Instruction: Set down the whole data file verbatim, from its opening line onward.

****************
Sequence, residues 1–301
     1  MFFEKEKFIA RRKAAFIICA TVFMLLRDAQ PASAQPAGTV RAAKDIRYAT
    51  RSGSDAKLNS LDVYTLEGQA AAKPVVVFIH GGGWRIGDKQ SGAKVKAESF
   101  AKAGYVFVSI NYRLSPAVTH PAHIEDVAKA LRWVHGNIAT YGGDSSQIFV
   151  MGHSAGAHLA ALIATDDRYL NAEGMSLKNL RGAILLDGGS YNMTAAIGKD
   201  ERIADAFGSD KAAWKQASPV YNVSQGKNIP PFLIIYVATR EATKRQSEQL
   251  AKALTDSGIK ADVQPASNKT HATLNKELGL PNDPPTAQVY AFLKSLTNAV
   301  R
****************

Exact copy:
Sequence, residues 1–301
     1  MFFEKEKFIA RRKAAFIICA TVFMLLRDAQ PASAQPAGTV RAAKDIRYAT
    51  RSGSDAKLNS LDVYTLEGQA AAKPVVVFIH GGGWRIGDKQ SGAKVKAESF
   101  AKAGYVFVSI NYRLSPAVTH PAHIEDVAKA LRWVHGNIAT YGGDSSQIFV
   151  MGHSAGAHLA ALIATDDRYL NAEGMSLKNL RGAILLDGGS YNMTAAIGKD
   201  ERIADAFGSD KAAWKQASPV YNVSQGKNIP PFLIIYVATR EATKRQSEQL
   251  AKALTDSGIK ADVQPASNKT HATLNKELGL PNDPPTAQVY AFLKSLTNAV
   301  R